Despite the persistent shilling of Guillermo Vilas' coach-manager Svengali, the massive hirsute and forceful Rumanian Davis Cup player Ion Tirriac, no reasonable case can be made for Vilas as the No. 1 tennis player in the world.

The Argentine lefthander must first dislodge the arguable incumbents, Jimmy Connors and Bjorn Borg. He knows that and is looking forward to trying in the U.S. Open, beginning the last day of this month at Forest Hills, N.Y.

Nevertheless, Vilas' current winning streak of five consecutive tournaments and 28 matches is the single most remarkable achievement in pro tennis this year. Second choice: Vilas' 35 consecutive triumphs on clay courts, incorporating his current streak and the French Open, the first Grand Slam tournament victory of his career.

Vilas, who celebrated his 25th birthday yesterday, is sitting out this week's Canadian Open after his extraordinary back-to-back-to-back-to-back-to-back victories at Kitsbuechel, Austria; Washington; Louisville; South Orange; N.J., and Columbus, Ohio.

He is the first player to win five consecutive Grand Prix tournaments since the series was inaugurated in 1970, and his streak is the longest in men's pro tennis since Rod Laver won 31 straight matches in 1969, the year of his second Grand Slam. (Connors' season record in 1974 When he swept the Australian Open, Wimbledon and Forest Hills, was 95-4, but he never won 28 matches consecutively.)

"I think it's a superhuman effort." fellow pro Harold Solomon said yesterday of Vilas' string. "Especially during the summer, on clay, with the kind of heat and humidity we've had every week.

"The thing that makes it amazing it that he's won week in a nd week out with no rest. I have trouble playing three weeks. Connors seldom plays more than a couple in row. Borg is probably the strongest player any given week, but over the long haul I'd have to go with Vilas.

"Physically, the guy is like a bull. But you have to be just as strong mentally to keep winning every day, to maintain that concentration, and that's what has suprised me," Solomon went on. "I didn't think Vilas was that mentally tough, but I guess he's worked on it a lot."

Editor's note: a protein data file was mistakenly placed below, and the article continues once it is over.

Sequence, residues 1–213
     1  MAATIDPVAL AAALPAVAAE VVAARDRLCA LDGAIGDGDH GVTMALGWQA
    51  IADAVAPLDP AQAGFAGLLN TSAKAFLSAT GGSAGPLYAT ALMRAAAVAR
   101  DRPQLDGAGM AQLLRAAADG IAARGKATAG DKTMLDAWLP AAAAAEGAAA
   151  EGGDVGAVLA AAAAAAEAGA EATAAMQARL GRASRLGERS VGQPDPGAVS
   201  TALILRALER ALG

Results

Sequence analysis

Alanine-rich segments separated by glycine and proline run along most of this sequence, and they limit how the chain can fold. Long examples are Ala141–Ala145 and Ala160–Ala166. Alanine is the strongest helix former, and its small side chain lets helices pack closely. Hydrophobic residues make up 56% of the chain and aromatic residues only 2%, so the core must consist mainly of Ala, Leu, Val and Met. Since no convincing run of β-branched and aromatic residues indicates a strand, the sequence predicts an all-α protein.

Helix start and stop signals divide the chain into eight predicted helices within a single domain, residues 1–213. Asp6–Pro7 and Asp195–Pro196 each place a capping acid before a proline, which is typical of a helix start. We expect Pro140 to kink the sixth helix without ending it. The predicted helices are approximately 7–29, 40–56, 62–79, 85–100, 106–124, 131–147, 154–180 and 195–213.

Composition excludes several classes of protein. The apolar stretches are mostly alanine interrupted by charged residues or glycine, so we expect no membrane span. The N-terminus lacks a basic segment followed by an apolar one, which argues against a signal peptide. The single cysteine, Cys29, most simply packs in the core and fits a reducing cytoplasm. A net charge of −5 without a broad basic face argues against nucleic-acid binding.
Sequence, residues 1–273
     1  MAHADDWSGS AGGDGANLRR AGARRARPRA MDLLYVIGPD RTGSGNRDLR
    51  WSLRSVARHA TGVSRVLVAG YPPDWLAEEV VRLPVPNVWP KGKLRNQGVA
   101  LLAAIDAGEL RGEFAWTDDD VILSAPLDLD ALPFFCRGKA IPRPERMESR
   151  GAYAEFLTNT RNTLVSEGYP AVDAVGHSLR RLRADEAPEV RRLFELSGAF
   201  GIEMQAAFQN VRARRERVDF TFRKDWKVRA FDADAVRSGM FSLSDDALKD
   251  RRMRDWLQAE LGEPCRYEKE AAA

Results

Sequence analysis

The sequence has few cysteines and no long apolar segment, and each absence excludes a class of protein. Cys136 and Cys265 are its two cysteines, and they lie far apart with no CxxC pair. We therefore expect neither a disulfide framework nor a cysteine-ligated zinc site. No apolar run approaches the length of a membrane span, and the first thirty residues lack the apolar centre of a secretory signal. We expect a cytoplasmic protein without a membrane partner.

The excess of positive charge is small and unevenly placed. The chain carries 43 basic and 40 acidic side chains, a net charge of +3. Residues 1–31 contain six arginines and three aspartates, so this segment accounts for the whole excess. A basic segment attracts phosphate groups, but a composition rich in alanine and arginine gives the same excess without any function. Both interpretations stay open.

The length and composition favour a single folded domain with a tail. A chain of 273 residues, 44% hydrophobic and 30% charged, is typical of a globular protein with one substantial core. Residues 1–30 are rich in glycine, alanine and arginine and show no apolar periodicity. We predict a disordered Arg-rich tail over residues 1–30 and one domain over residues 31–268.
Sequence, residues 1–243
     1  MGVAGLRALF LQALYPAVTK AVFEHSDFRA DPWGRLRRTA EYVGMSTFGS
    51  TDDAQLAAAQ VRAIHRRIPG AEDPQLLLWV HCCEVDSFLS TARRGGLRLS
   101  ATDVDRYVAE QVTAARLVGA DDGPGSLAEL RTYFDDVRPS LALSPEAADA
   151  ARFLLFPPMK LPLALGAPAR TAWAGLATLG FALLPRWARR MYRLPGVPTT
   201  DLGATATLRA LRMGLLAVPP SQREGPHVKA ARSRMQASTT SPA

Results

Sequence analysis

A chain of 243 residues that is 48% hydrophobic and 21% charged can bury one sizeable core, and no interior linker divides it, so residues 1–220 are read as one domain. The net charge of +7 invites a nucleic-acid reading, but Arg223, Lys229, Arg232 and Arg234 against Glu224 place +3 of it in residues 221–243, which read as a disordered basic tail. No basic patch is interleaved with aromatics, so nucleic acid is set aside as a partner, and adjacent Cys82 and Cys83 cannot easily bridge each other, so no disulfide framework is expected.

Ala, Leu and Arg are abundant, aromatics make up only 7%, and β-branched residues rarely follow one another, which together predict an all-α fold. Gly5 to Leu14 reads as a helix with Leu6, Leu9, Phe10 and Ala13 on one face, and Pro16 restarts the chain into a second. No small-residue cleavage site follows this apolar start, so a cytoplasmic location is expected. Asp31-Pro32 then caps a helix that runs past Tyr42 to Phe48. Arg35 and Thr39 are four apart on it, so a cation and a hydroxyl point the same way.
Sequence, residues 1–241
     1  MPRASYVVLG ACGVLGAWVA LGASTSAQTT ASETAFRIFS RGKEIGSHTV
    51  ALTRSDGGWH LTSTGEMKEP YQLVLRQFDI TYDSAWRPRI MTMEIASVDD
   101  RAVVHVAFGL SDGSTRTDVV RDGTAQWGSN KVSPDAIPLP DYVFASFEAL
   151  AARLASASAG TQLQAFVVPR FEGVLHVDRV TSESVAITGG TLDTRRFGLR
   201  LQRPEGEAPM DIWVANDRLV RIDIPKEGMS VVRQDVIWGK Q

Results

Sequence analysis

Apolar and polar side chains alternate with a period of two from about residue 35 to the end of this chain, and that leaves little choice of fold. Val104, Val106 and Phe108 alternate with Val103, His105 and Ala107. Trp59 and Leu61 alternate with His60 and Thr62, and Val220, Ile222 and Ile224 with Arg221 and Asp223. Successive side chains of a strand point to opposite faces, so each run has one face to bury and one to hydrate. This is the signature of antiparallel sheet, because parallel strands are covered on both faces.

Critics point out that slow, high-bouncing seaside Argentinian resort of mar del Plata.It perfectly suits his game, bassed on quickness, strength, perseverence, and heavily topspun ground strokes that he slugs from the backcourt, varying depth and place, in rallies that wilt players with less stamina and frustrate those with less patience.

But clay is laso the most physically taxing surface for tennis. Points are long, and even one-sided matches can consume great amounts of time and energy. That is why Vilas' current streak is so astounding. It has transcended day and night finals and the consequent quick getaways and rapid adjustment to new surroundings and conditions.

With Tiriac helping shield him from intrusions, organizing and structuring his practice sessions and off-court routine, Vilas paces himself well. As he has noted, he only hits his hard, flat serve when he most needs it, to get out of trouble or to put a wobbling opponent away.

Most of the time he spins in his first serve at three-quarters pace because the serve is not a dominant weapon on clay, and he prefers to conserve energy. "I do not think you can do both, serve hard and hit the ground strokes hard all the time," Vilas says, sensibly. he saves himself for those splendid sprints that can be so demoralizing to a foe, when he runs down an apparent winner and whacks an offensive shot from a seemingly defensive position.